USA: Austin-based Company to Build a Magnet Recycling Plant

Urban Mining Company – developers of the proprietary Magnet-to-Magnet recycling process – have completed a 25 million US-Dollar “Series A financing” for the construction and operation of a magnet recycling and manufacturing facility at its headquarters in Austin, Texas.

“The first step towards commercializing our technology is capital intensive”,  commented Scott Dunn, CEO of the privately held Urban Mining Company,  “and our Series A financing reflects the confidence of our team and our investors in Urban Mining‘s product and business model.“ The company‘s patented Magnet-to-Magnet recycling approach is meant to take scrap rare earth magnets and reprocesses them into new, high-performance magnets.

As reported, recovered waste NdFeB is directly inserted into the recycling process. The recycling method “does not require that material be chemically reduced/converted to pure elements, and exhibits maximum efficiency by eliminating energy and chemical intensive processes traditionally used including refining, alloying, and strip casting”, the company assured.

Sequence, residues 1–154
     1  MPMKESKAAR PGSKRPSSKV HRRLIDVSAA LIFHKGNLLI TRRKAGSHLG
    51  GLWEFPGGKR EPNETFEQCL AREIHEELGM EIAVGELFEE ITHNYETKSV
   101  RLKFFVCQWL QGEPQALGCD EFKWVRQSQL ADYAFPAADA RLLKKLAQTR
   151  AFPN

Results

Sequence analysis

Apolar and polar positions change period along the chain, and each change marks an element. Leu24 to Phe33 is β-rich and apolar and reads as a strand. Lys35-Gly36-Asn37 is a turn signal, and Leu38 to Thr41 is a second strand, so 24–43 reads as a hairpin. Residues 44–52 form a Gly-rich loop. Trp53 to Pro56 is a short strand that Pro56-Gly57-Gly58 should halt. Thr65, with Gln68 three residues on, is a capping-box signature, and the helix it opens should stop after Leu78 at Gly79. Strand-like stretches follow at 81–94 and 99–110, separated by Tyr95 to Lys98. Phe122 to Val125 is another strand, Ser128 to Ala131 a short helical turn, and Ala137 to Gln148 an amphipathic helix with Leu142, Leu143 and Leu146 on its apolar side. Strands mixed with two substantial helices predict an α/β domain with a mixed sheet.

Clean Urban Mining process

The Urban Mining process is said to be clean – zero chemical inputs and wastewater. “The magnetic properties of our magnets are designed to customer specifications,“ said Miha Zakotnik, COO of Urban Mining. “The final shape of our magnets is not dependent on the feedstock that we use, and our patented Grain-Boundary Engineering process gives us complete control over the final composition, grade and magnetic performance of our products.“

The company will use the funding to build and operate a manufacturing facility, capable of producing 250 tons of sintered NdFeB rare earth magnets per year within the next two years. Capacity will be expanded to 1,000 tons per year in a second phase of operation. Urban Mining Company has planned early delivery of its laboratory and prototyping capabilities including state-of-the-art equipment for materials processing and advanced property and microstructure analysis. The laboratory should be operational by the end of summer 2016.